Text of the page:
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The Divorce Encyclopedia
Recapture


Term Definition Recapture - refers to the IRSís ability to capture taxes on income distributed as part of a divorce agreement.
Application in Divorce The term recapture refers to the ability of the IRS to recover the tax benefit of deduction or a credit taken by a taxpayer. Recapture means the IRS disallows the deduction or credit. The purpose of recapture is to prevent a divorcing couple from dividing their property and calling the distribution alimony. Recapture applies to alimony payments when the alimony paid decreases by more than $15,000 annually within a three-year period after a divorce. Alimony is tax deductible to the payor and taxable to the payee, but if in a three-year period a taxpayer’s alimony decreases by more than $15,000 from the amount of the proceeding year, the IRS regards the alimony payments as property distribution and recaptures the obligator’s income retroactively. At the same time, the formerly labeled alimony payments are deemed tax-free property distributions to the recipient. The recapture usually causes a substantial income tax refund to the recipient, who can file an amended return, and an equally substantial retroactive tax bill to the payor.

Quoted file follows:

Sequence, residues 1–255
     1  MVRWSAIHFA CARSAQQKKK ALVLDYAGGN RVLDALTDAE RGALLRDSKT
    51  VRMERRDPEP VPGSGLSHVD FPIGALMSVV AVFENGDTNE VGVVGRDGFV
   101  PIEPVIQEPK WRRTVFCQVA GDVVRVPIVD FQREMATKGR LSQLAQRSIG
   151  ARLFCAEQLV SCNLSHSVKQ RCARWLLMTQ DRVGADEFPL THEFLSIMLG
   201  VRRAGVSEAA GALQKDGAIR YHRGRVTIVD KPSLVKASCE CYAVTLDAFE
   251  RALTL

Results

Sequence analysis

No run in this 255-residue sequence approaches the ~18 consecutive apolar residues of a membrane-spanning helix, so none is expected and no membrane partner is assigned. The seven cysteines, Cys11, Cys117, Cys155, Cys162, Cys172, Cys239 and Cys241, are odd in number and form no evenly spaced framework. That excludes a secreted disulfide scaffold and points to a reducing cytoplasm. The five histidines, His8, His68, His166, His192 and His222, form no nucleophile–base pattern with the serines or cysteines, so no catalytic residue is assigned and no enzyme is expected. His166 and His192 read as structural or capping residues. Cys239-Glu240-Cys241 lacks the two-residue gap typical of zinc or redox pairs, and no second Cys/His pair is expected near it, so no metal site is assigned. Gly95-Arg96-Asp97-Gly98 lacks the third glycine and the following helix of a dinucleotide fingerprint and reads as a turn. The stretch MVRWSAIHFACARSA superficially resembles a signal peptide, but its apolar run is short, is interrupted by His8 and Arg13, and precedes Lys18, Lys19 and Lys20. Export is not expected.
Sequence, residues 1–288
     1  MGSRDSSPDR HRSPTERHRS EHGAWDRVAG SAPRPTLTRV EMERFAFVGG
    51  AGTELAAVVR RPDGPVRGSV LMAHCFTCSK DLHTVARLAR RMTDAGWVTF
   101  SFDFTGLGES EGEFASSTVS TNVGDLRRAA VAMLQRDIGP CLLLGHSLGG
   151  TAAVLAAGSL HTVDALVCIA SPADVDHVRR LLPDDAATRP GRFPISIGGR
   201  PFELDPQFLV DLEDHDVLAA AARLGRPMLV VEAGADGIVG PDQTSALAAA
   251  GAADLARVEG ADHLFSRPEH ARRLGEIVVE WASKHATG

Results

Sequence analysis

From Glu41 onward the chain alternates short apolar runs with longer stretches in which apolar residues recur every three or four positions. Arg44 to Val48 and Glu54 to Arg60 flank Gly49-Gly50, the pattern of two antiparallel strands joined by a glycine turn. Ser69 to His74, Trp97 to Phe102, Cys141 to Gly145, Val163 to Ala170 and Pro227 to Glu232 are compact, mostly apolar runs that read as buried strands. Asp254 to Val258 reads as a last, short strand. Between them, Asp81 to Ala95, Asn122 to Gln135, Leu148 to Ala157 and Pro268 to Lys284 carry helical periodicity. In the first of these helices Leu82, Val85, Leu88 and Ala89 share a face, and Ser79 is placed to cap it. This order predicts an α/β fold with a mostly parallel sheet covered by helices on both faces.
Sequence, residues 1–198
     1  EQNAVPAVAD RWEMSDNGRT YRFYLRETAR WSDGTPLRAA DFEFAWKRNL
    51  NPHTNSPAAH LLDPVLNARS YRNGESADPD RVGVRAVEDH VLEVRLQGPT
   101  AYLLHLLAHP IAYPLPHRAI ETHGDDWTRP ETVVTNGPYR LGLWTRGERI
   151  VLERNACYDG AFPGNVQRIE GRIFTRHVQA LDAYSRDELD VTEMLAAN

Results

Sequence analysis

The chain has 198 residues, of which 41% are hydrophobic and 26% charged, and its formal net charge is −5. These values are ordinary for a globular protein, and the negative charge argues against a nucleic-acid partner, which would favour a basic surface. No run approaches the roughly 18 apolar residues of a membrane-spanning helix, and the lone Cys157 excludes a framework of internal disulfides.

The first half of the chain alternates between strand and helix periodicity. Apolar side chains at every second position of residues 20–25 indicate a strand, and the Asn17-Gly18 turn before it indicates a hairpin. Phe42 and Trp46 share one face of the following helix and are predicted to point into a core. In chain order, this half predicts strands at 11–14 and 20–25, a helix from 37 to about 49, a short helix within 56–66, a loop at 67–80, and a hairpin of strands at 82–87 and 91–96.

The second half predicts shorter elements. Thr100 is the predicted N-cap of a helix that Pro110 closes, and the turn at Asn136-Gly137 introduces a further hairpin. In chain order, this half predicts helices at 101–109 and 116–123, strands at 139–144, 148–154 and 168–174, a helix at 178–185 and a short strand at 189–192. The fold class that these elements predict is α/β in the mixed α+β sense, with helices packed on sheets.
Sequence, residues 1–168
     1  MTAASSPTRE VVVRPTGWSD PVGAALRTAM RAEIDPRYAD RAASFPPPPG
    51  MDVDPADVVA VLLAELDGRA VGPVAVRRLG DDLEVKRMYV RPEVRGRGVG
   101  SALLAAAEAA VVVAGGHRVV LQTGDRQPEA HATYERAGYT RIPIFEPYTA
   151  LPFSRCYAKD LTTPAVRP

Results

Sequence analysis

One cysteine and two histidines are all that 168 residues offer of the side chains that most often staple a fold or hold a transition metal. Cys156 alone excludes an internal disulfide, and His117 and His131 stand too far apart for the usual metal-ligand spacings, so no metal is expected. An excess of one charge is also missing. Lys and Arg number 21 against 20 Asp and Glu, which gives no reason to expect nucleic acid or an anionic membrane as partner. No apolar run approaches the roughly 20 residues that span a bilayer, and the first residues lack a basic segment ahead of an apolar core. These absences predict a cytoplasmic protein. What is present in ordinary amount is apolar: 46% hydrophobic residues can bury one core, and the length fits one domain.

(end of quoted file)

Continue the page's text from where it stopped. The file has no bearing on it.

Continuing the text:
For example, when Rufus and Rhonda went separate ways, he paid her $60,000 in alimony the first year and $30,000 in the second and then $1,000 in the third year. Between the first and second years, Rufus’s alimony payments dropped $30,000, and between the second and third, $29,000. In other words, the alimony dropped more than $15,000 annually. The result is bad news for Rufus; he must recapture some $50,000 and pay them back to the I.R.S.

The I.R.S. rules describing recapture are complicated and the domain of a tax accountant.

Some divorcing couples use declining maintenance to ease the transition from being married to being single again. An alimony schedule redacting this decline support can be constructed to give both former spouses the maximum benefit and at the same time avoid the risk of recapture.

The perils of recapture can be avoided by consulting a certified divorce planner (CDF).

See Alimony.

See also Certified Divorce Planner (CDF).

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